Author Topic: Pay off a mortgage or invest/  (Read 1880 times)

CT

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Pay off a mortgage or invest/
« on: December 15, 2013, 10:48:49 PM »
I am new to MMM site & cannot stop reading—even though most of it is over my head.  Personal finances have always been a huge challenge for my husband and I.   And now that we finally have some money to invest, we haven’t a clue what to do with it. 
In a nutshell, here is my husband’s and my situation.  We are currently empty nesters & retired; my husband stopped working in 1997 age 41(now 57) due to medical issues, I (now 48) only ever worked part-time, but stopped working 2 yrs ago.  Our income is Social Security Disability and we live comfortably. Our only debt is the house.  At the end of the month we have between $500 & $700 left over.   My question is what should we do with the money?  Husband wants to spend it, (not going to happen because I control the money) but I am torn between paying off our mortgage and investing.  Our current loan rate is 2.25%, our payment is $871/month (which includes taxes & homeowners insurance).  Would investing be better for us?  We live in California. For the last 2 years we owed/paid no state or federal income taxes.  Would an investment be worth the new taxes & interest we pay on the mortgage?   My thinking is that years down the road we may need more money simply because the older we get the less we can do on our own.  Then there is inflation & who knows what is going to happen to health insurance in the states.

ShortInSeattle

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Re: Pay off a mortgage or invest/
« Reply #1 on: December 16, 2013, 12:03:01 AM »
Are the following assumptions true?
1. You have a stable "guaranteed" income.
2. You have a fixed rate mortgage at a low rate of interest.
3. You forsee having extra expenses in 10+ years.

In that situation I would invest regularly in low cost funds.  Perhaps set aside 10% of your surplus into a "fun money" account to keep the hubs happy.


marty998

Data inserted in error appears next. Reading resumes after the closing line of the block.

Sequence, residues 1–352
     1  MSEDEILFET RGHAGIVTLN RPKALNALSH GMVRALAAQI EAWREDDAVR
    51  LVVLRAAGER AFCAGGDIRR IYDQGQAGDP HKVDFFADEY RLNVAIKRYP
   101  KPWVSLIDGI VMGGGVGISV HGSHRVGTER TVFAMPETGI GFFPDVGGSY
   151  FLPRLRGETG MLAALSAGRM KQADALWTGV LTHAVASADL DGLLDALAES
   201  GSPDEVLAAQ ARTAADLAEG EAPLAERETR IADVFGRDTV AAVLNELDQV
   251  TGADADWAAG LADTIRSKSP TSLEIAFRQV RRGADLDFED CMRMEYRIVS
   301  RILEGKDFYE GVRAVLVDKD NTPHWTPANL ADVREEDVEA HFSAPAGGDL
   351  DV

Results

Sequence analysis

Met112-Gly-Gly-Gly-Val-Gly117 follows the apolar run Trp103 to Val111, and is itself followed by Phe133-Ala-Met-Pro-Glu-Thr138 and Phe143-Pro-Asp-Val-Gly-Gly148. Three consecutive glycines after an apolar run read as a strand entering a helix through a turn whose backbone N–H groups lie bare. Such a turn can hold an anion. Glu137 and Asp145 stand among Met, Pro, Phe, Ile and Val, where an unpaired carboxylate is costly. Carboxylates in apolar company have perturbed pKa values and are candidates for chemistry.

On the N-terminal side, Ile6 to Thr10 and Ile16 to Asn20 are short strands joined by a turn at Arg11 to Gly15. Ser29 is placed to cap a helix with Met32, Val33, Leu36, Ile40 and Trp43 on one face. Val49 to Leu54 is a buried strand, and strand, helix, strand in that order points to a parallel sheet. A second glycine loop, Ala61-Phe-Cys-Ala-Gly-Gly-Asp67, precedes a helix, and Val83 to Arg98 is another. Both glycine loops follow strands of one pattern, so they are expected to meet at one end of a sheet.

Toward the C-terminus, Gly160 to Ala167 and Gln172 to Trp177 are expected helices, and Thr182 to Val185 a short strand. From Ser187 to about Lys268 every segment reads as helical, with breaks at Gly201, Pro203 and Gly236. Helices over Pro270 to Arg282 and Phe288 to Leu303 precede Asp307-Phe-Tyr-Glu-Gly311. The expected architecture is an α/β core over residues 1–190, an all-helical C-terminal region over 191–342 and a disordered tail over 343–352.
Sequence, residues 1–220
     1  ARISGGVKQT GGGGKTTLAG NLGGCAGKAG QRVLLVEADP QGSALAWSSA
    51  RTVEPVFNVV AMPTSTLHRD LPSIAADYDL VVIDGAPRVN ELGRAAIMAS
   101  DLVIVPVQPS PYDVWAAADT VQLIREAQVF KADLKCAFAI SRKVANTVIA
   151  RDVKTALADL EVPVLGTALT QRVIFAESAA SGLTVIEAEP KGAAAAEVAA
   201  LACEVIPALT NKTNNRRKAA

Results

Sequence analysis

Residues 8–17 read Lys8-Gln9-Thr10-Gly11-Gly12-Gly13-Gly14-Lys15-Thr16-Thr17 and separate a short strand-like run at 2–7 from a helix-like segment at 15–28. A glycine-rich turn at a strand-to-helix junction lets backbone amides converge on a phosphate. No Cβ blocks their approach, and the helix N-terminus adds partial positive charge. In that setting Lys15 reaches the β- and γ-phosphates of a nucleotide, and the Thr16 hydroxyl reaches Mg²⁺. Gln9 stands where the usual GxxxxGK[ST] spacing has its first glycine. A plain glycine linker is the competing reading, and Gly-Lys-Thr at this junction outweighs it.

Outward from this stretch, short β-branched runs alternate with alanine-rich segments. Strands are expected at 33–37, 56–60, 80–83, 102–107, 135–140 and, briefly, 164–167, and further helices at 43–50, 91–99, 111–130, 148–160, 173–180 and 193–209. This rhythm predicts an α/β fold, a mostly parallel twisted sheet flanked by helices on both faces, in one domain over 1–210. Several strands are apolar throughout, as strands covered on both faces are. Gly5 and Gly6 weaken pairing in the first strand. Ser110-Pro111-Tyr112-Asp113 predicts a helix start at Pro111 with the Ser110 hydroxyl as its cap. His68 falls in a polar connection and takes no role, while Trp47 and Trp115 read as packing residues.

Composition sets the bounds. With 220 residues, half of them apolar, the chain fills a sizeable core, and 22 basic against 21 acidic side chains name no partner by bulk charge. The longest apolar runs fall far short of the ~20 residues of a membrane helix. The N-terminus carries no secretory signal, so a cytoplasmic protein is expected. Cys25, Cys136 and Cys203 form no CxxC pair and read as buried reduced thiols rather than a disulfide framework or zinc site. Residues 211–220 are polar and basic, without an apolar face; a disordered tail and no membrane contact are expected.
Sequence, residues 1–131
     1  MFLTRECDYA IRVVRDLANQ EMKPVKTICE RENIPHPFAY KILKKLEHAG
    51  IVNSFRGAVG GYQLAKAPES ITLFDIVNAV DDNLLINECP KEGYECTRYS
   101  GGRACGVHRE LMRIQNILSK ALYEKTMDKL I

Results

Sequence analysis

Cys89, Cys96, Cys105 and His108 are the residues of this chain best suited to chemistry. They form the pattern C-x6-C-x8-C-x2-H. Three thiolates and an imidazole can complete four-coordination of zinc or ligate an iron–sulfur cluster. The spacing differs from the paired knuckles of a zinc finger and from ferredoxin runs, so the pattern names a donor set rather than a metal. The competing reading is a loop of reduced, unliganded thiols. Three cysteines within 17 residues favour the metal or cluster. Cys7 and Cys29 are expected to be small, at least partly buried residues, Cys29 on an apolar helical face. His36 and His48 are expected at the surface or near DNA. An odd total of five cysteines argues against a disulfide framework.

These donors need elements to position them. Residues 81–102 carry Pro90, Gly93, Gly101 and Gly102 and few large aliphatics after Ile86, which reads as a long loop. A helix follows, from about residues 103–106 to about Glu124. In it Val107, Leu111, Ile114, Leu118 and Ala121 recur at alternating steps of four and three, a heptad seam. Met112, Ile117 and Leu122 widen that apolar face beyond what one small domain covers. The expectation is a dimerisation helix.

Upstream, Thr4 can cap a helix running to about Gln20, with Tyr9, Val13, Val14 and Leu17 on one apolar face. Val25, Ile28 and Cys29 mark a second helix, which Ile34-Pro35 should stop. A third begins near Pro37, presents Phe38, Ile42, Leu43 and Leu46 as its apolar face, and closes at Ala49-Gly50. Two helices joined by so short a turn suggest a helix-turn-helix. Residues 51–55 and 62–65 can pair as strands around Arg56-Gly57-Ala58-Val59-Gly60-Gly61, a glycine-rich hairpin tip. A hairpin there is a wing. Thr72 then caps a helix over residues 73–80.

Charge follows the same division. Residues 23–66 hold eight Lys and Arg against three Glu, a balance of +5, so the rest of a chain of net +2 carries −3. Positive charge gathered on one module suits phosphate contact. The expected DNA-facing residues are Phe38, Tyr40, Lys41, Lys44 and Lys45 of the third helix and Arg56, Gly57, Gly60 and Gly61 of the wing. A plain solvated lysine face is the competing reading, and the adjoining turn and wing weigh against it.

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Re: Pay off a mortgage or invest/
« Reply #2 on: December 16, 2013, 12:25:05 AM »
How big is the mortgage? I would pay it off if I were you. Nothing beats the security of knowing you own the roof over your head and no one can take it away from you.

You must be doing something right. Down here in Aus anyone who can live comfortably on a disability pension is either lying or cheating the system.

dadof4

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Re: Pay off a mortgage or invest/
« Reply #3 on: December 16, 2013, 01:36:36 AM »
Are the following assumptions true?
1. You have a stable "guaranteed" income.
2. You have a fixed rate mortgage at a low rate of interest.
3. You forsee having extra expenses in 10+ years.

In that situation I would invest regularly in low cost funds.  Perhaps set aside 10% of your surplus into a "fun money" account to keep the hubs happy.
By her wording, as well that interest rate, I'd assume that it was a variable rate mortgage. In that scenario, they need to make sure their fixed income would cover a higher interest rate - probably up to 8%. If they already have $700 extra, and with their disability payment rising with inflation but their loan amount staying constant, it's probable that they should still be in the clear.

I'd triple check those figures with your actual numbers though.

If you don't have any money that is accessible - I'd invest your extras for the next few years at least. Having flexibility is important, and you'll come out ahead on average.

CT

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Re: Pay off a mortgage or invest/
« Reply #4 on: December 16, 2013, 02:46:24 AM »
To clarify.  The income is stable. The mortgage is fixed at 2.2% (a special financing VA loan).  As far as foreseeable future expenses--that's just it--no way to predict.  We never thought he would have health issues in the first place.  I am just figuring that we may need more money in the future in case we can no longer do our own house repairs, grow or own food or if we need a care takers help. 
Things are comfortable now is because we always lived way below our means through the working years, so conserving is just a way of life. We also had savings that got us through until disability was finalized. The kids being on their own frees up a fairly big chunk.  Our home has solar energy so the electric co. actually sends us a check once a year. All this and more (like no cable/data plans) keep our monthly expenses very low and thus the surplus.